Infoscience

Presentation / Talk

Non-reciprocal acoustic devices based on spatio-temporal angular-momentum modulation.

Acoustic devices that break reciprocity, for instance acoustic isolators or circulators, may find exciting applications in a variety of fields, including imaging, acoustic communication systems, and noise control. Non-reciprocal acoustic propagation has typically been achieved using non-linear phenomena, which require high input power levels and introduce distorsions. In contrast, we have recently demonstrated compact linear isolation for audible airborne sound by means of angular momentum bias [Fleury et al., Science 343, 516 (2014)], exploiting modal splitting in a ring cavity polarized by an internal, constantly circulating fluid, whose motion is imparted using low- noise CPU fans. We present here an improved design with no moving parts, which is directly scalable to ultrasonic frequencies and fully integrable. Instead of imparting angular momentum in the form of a moving medium as in our previous approach, we make use of spatio-temporal acoustic modulation of three coupled acoustic cavities, a strategy that can be readily implemented in integrated ultrasonic devices, for instance, using piezoelectric effects. In this new paradigm, the required modulation frequency is orders of magnitude lower than the signal frequency, and the modulation efficiency is maximized. This constitutes a pivotal step towards practically realizing compact, linear, noise-free, tunable non-reciprocal acoustic components for full-duplex acoustic communications and isolation.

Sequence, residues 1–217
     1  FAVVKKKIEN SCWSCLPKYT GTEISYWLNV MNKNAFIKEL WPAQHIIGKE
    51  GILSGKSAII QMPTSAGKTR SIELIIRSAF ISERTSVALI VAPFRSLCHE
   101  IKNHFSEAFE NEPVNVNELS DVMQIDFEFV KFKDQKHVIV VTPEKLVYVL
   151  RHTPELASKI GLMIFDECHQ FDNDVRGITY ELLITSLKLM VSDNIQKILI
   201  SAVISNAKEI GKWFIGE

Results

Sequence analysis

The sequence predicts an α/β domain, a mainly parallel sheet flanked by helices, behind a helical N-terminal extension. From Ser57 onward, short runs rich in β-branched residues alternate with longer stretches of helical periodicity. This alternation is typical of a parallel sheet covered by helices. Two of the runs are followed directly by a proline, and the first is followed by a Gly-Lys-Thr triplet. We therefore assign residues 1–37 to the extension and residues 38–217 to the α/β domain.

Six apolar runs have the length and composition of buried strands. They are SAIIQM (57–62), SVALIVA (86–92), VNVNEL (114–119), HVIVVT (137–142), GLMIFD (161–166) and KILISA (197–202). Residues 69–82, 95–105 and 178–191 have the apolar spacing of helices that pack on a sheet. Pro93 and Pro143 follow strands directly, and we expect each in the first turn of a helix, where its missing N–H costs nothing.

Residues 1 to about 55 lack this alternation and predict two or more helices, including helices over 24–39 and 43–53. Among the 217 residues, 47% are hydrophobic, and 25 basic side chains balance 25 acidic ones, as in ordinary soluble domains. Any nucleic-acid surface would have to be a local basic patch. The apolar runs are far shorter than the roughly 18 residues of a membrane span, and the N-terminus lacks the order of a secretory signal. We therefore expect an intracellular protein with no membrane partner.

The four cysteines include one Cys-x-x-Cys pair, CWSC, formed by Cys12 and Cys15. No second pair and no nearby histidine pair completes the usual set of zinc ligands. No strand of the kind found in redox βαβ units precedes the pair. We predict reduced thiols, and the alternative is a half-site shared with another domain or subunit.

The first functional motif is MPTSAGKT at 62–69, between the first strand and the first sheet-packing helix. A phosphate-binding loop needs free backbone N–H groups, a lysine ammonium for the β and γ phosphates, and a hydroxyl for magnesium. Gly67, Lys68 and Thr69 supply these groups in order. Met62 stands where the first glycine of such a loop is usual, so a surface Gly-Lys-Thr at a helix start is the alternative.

Reference

    • EPFL-TALK-223364

    Record created on 2016-11-22, modified on 2017-05-10

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